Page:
16 – 22 Park Street, Walsall, Staffs WS1 1NQ
Woolworths opened its 46th store in Walsall in 1915 on Park Street. Some time in the 1920s-30s, a new store was built on the site – the earliest frontage in art deco style to be designed by Woolworths staff architects, incorporating an angular version of the lion-head logo (see them at the tops of the windows) – the lion’s head emphasised Woolworth’s efforts to stock goods of British manufacture in the aftermath of WW1.
Source: Historic England
In 1953 the store was decorated for the Queen’s Coronation.
Source: Walsall Council
The back of the store could be seen from the bus station.
Source: Fisher R.
In the 1970s the fascia was updated.
Source: Jones, S.
I found this comment from a former Saturday boy: “…Woolworths, where I once had a Saturday job. The building to the left used to be Boots. All us Woolies people envied the conditions of the Boots staff – they even had a staff hairdressing salon on the roof.”
Source: Black Country History
The store closed soon after the above photo was taken. Years later, a new Woolies opened elsewhere in Walsall Town Wharf (store 1194). The Park Street store became a Currys and Dixons in the 1980s.
Today the building is occupied by Barclays and Diffusion, and you can still admire the elegance of the Woolworths architecture and lion heads above.
Source: Chertsey130 Blog
142/148 High Street, Lewisham, London SE13 6JJ
Woolworths opened its twentieth store in Lewisham, South East London in 1913. I am guessing this is because of its location near a railway station. Below you can see how it first looked before it had a rebuild.
Source: Woolworth’s 100 years on the high street, Morrison K.
In 1937 the store was upgraded with a cinema front. The company was particularly proud of its galleried frontage. The neon lettering at the top of the building cost £50,000!
When Lewisham Shopping Centre opened behind the Woolworths store in 1975, Woolworths made another entrance at the back to the shopping centre. In the 80s, the store was halved in size and that is when Superdrug moved in. Then in the 90s, the store was split again and they kept the shopping centre side, which had a new store number, until closure in 2008.
Today the building is shared by Superdrug and Currys, and somehow just does not look so grand anymore. Doesn’t it look huge in the old photos?? Maybe it’s the angle of the 1930s photo that makes it look bigger than it actually is. Still, it is great that the Art Deco front is still here – if you ever are on Lewisham High Street, do have a look out for it.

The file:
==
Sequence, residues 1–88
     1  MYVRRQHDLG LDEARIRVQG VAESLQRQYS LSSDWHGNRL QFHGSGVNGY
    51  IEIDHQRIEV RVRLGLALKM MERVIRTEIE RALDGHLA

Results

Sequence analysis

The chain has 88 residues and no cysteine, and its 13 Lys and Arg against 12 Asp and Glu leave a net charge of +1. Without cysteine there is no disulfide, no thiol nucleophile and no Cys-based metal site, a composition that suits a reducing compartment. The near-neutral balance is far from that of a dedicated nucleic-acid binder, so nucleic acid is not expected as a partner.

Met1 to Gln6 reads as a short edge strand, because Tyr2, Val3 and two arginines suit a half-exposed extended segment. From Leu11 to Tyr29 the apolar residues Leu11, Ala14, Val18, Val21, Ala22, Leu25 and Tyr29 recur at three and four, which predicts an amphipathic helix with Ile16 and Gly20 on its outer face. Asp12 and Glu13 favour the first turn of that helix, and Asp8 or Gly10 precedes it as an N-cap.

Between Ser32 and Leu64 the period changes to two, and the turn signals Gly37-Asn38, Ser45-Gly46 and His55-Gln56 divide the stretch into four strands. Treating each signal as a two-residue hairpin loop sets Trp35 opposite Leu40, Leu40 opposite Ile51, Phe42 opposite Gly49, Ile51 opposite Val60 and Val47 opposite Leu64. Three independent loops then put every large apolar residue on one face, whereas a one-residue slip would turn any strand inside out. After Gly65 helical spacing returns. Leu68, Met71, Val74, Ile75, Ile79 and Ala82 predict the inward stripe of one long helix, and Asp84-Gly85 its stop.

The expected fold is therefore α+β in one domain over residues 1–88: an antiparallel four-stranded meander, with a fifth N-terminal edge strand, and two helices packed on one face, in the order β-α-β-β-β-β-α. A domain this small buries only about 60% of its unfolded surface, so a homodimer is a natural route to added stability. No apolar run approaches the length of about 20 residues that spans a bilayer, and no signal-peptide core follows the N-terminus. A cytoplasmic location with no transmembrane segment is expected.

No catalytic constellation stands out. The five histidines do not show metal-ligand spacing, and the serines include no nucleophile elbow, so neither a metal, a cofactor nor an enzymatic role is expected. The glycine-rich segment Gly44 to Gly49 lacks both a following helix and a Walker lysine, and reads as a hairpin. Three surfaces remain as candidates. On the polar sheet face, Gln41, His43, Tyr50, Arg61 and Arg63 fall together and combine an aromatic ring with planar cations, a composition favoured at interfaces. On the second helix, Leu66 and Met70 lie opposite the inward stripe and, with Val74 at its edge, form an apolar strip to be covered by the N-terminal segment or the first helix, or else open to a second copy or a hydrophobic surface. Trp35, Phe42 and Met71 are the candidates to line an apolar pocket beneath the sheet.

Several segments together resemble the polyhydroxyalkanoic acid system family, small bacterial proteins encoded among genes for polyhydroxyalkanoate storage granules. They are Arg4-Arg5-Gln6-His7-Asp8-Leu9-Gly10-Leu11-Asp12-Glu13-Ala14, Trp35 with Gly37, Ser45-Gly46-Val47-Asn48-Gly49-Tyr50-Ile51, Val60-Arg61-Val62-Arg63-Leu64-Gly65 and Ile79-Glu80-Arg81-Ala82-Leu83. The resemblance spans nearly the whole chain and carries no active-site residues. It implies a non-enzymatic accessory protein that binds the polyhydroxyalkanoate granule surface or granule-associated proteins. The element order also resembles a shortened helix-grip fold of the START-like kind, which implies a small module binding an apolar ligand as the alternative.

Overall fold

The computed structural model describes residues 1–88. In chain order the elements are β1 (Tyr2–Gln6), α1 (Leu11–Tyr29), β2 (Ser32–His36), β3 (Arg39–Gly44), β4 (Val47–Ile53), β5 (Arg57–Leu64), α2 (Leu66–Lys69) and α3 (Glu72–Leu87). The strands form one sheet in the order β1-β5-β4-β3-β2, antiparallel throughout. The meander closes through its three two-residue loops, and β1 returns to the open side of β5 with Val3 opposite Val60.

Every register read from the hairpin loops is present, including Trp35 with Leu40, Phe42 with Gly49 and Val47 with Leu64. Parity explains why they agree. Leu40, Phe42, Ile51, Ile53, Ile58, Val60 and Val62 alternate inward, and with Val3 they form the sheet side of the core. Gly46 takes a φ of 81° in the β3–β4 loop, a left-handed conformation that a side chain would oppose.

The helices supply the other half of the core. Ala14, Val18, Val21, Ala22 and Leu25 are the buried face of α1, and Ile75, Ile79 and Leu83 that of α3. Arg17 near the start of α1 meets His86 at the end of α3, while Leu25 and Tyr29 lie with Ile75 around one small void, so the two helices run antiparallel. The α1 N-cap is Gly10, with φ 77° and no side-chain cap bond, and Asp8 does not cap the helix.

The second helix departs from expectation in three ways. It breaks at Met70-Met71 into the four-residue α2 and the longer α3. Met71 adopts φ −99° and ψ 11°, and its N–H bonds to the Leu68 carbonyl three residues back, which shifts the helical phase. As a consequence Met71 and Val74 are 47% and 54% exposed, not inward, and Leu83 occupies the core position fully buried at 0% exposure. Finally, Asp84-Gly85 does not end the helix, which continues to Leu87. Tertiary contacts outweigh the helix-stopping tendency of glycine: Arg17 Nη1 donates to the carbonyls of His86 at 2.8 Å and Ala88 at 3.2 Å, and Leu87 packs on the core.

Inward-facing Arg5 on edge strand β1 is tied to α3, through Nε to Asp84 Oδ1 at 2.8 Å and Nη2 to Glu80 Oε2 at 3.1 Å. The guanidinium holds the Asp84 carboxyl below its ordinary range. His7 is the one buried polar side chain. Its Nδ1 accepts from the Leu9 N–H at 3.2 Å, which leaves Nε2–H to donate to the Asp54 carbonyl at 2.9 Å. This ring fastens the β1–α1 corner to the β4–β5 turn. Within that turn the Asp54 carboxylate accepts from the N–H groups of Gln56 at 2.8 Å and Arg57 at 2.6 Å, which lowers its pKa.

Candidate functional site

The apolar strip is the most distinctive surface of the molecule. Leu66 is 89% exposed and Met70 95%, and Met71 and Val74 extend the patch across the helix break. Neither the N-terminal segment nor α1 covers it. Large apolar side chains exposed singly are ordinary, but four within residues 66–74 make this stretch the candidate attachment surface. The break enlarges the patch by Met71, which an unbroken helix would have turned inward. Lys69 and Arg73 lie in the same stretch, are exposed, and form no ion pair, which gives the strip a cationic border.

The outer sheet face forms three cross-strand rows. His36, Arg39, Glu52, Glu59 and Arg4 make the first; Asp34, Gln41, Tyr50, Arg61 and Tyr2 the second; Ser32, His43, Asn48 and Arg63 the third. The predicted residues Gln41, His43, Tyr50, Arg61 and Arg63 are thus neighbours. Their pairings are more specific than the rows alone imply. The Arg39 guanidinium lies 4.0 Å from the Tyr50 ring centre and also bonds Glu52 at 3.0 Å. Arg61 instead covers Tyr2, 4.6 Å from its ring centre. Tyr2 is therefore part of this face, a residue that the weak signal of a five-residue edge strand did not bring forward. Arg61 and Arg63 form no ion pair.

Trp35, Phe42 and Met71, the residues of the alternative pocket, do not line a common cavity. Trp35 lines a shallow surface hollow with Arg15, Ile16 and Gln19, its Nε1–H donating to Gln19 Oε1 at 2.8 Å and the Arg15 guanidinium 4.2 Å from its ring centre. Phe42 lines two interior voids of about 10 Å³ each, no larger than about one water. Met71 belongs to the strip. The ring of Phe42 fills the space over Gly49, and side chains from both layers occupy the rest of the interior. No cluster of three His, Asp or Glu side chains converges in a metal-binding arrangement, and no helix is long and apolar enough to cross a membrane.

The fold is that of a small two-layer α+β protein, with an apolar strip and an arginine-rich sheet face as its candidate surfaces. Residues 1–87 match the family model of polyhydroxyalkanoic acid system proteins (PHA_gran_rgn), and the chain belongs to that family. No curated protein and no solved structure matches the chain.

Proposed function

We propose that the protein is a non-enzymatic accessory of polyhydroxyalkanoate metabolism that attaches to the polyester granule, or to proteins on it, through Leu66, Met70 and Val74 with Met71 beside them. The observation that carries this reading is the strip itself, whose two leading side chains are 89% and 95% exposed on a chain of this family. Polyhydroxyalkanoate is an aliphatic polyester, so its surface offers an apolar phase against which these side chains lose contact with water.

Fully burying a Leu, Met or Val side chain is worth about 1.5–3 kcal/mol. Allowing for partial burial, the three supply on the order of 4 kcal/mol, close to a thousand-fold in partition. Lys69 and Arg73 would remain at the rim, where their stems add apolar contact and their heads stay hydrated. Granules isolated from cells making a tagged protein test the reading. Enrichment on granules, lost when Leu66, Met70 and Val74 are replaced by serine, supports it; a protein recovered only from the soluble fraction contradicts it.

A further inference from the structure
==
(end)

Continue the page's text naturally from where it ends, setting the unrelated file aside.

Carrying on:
Source: The Lost Byway
51/67 Linthorpe Road, Middlesbrough, Teeside TS1 5BT
The eighth Woolworths branch to open in the UK was at Middlesbrough, back in 1911. According to the 1913 Kelly’s Directory of North and East Ridings of Yorkshire, it originally opened at 91-93 Linthorpe Road, but then moved to bigger premises at 51 -67 in 1926 (pictured below).
Middlesbrough was bombed quite severely in WWII and Woolworths was hit. The store was rebuilt throughout the 1950s, reopening with a more modern look in 1959.
It traded for another 20 years before closing down in the 1980s when Kingfisher took over.
The building was split into 3 units and occupied by Currys, Champion and Fosters in the 1980s.
Today the building is now occupied by USC and River Island – the closed down unit was Currys.digital until recently. You can see from the below photo how imposing a building it was. It would have been quite a large Woolworths store.
In the 2000s, Woolworths returned to Middlesbrough as store 1200, which I’ll cover in a separate post.
49/51 Church Road, Burgess Hill, Sussex RH15 9BH
Woolworths arrived in Burgess Hill in September 1955 on Church Road (now Church Walk).
Source: Francis Frith
It was one of the later branches to be opened, as you can tell from the store number, and it looks as though it was medium sized from the photo above. I spoke to Burgess Hill local Robert who remembers the store from his childhood, in particular the pic n mix!
The store didn’t last long though, closing just under 30 years later on 15th September 1984. Perhap it was one of the low performing stores, or it was one of the casualties of the Kingfisher takeover when they closed several stores down to gain capital.
The building was later split into two and occupied by Sussex Stationers and Currys. In 2012 they had both closed down.
Source: Burgess Hill Uncovered
In April 2012, a Wetherspoon pub opened here, after a £1.4 million makeover. During the makeover, the ghost of Woolworths past was revealed!
Source: Burgess Hill Uncovered
The pub is called The Six Gold Martlets – here it is, alongside the shiny new Subway, from when I visited Burgess Hill last weekend. I knew it was a Woolworths 😛